-The Baldin Collection was brought here by the man himself, without any documents and formally it cannot be considered as an object of compensatory restitution.
- The collection indeed was imported without documentary formalities, and this fact tormented Baldin. Let us remember that Baldin saved the collection, for otherwise it would simply have been split up and taken in different directions and the local people, from whom the German police later took away just this sort of ‘scavenged’ items or it would be taken by the Occupation troops. When Russia began to show off its trophy art, people in the whole world began to recollect that in all sorts of museums there are things which came their way after some war as the result of, shall we say, …military tumult. This includes items from private collections confiscated by the Nazis and then sold on the art markets of Europe and America. This is something that the people who hint everything gone missing ended up in Russia for some reason keep silent about. I wish to repeat: we don’t owe anyone anything and we make our decisions acting out of good will.

-The Hermitage both in practice and on the basis of law reports to the Ministry of Culture. Especially in certain Western circles you have the reputation of a man who is at a minimum cautious with respect to the return of trophy art. How do you feel about the prospects for return home to Germany of Bremen’s Kunsthalle collection?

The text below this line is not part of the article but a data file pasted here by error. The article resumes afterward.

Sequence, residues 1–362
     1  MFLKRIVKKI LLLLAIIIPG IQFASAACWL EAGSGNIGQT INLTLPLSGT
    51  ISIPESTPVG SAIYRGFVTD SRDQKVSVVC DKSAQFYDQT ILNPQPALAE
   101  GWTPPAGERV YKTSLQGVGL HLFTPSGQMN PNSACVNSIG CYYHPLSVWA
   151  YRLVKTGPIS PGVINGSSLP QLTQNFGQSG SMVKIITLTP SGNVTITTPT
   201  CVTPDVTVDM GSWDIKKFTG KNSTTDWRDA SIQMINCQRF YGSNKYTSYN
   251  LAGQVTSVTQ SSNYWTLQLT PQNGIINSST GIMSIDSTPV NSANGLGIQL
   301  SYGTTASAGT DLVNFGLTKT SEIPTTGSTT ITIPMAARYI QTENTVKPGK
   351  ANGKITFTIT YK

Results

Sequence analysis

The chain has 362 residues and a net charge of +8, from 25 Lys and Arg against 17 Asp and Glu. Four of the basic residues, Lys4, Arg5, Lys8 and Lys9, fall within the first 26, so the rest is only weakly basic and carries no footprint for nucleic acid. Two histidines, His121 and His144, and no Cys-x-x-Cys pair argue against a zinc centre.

-We regard the subject of return very cautiously and very calmly. Such issues can be resolved if you take as your point of departure general artistic interest and the need to observe all formalities, including legal ones. It was always clear that a decision about the fate of the Baldin Collection had to be taken. For the Hermitage two circumstances have fundamental importance: the sense of our own innocence and the conviction that the subject is useful to the museum and artistic communities of the world.

- Now the Hermitage will hand over the collection to the Ministry of Culture and in this way from the standpoint of law it sheds its responsibility for the collection’s future fate. But de facto how does it work?
-The Hermitage would offer as its optimal version an exchange of gestures of good will. We are always working on formulas to reduce the tension that arises in such cases. We do not make the decisions, but we can formulate proposals and discuss them. The return of trophy art today is a gesture of good will by our state. And we fully hope for corresponding actions from the other side. To be sure, nothing spontaneous, but actions that have been well prepared in detail.

- Can we expect that part of the collection will one day come back to Russia, to the Hermitage after it has been returned to Bremen?
- I think we have reason to hope that a gesture of good will towards the Hermitage will be forthcoming from Bremen.